This is hinted at in other answers, but it really is the key. There were two ways that a video terminal (or a Teletype, for that matter) could be used:
A terminal could be a computer. The Datapoint 2200 is one of the earliest examples. At its heart it was a terminal. But plenty of things could be added, including a hard disk drive, floppy disk drive, network card and additional RAM, so that it could indeed be used as a standalone computer. The 2200 used one processor, which was the basic design for the Intel 8008, to run everything.
A terminal could also include a computer in the same box. An example of that is the Heath H-89/Zenith Z-89 which used a Z-80-based video terminal as the housing for a full CP/M (and other OS) computer. For a non-technical user, it was one magic box. For a technical user it was a computer and a terminal combined together.
Many other computers, commonly running CP/M but not exclusively, had one box (or sometimes more than one) with a computer and a terminal, such as a VT-100, connected via a serial port.
In all of the above cases, this was one user = one computer.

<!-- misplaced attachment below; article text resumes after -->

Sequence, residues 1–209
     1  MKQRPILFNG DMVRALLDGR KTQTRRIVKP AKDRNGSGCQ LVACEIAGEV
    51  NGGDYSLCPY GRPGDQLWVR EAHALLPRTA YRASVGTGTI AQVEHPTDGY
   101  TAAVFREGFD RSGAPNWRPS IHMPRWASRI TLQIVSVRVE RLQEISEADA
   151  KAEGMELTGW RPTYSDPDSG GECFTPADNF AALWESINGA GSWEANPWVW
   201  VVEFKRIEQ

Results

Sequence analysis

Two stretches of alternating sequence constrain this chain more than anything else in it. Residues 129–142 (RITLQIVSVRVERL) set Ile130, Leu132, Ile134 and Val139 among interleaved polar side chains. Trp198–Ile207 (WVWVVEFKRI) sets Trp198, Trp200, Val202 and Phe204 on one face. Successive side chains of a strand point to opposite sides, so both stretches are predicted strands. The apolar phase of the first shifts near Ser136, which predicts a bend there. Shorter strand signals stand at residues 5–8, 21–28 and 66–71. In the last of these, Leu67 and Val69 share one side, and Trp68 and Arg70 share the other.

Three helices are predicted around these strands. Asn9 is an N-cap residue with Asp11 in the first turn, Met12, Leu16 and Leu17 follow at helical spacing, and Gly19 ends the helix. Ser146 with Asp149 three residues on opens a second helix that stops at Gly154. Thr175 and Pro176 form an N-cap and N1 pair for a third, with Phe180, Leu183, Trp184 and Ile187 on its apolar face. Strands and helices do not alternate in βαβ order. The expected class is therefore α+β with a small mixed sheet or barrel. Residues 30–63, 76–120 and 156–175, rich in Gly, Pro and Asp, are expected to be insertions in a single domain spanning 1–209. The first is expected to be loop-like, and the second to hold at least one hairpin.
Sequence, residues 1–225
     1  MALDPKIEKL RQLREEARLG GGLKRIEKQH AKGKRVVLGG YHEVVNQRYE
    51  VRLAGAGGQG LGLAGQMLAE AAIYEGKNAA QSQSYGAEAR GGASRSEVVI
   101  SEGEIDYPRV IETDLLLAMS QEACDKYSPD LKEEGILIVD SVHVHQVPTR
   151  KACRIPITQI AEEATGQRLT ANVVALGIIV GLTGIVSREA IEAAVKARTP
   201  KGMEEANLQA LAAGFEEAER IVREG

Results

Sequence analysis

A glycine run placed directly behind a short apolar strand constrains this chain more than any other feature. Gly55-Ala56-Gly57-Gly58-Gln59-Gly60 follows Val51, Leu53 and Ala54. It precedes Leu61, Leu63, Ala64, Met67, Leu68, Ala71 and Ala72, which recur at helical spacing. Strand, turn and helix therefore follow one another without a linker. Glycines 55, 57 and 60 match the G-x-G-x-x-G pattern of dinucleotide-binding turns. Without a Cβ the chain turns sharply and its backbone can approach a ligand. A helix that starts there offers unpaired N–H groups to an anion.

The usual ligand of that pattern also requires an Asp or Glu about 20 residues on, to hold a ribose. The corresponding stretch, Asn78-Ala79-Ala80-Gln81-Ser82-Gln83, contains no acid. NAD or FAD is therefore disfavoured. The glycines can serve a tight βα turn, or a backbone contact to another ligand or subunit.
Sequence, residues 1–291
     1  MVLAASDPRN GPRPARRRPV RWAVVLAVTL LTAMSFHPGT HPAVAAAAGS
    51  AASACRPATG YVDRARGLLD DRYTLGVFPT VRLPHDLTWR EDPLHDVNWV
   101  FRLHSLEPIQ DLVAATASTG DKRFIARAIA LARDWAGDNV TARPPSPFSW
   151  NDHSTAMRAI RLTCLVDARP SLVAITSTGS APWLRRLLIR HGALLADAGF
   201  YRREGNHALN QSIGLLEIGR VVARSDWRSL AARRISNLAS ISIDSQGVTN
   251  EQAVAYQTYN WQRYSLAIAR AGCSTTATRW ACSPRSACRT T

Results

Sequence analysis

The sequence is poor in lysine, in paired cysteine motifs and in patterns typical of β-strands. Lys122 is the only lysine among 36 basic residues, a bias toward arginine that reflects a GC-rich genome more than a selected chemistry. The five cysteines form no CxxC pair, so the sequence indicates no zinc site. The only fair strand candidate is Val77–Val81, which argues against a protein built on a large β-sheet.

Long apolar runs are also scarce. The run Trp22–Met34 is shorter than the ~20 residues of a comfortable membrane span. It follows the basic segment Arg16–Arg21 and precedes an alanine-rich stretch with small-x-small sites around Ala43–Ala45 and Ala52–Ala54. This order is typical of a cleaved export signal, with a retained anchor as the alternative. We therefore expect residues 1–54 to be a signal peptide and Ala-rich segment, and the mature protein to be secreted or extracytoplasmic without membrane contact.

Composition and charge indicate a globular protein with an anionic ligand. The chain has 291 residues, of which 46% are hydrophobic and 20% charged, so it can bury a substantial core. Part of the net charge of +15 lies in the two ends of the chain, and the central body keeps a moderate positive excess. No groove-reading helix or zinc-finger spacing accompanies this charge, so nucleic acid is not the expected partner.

This was the primary use case for VT-100 terminals and, I would argue (but don't have the stats to prove it) for most serial terminals. A single computer, from PDP to VAX to various microcomputers (8080 or Z-80 with MP/M, 8086 and above with MP/M-86, Concurrent DOS, PC/MOS and other operating systems, plus numerous other systems from Data General, Alpha Micro and others) could connect to anywhere from 2 to dozens of serial terminals. While a multi-user system could be used as a bunch of nominally separate user spaces, sharing the cost of CPU/hard disk/etc., the big advantage of a multi-user system was (and still is today, though more commonly in the form of a networked system) sharing files (instead of having to physically transmit or copy on a floppy disk, etc.) and sharing applications (e.g., accounting, inventory tracking, etc. all using the same data).
If you are DEC then you want to (a) sell more PDP and VAX systems with lots of terminals along with the systems and (b) sell lots of terminals to competing multi-user system vendors by building a high-quality, standard setting terminal such as the VT-100.
Many large multi-user system vendors sold either their own terminal or a rebadged version of someone else's terminal. WYSE eventually made some of their own computers, but their main product for many years was terminals that could be connected to other vendor's computers and emulate the native terminals, including DEC terminals.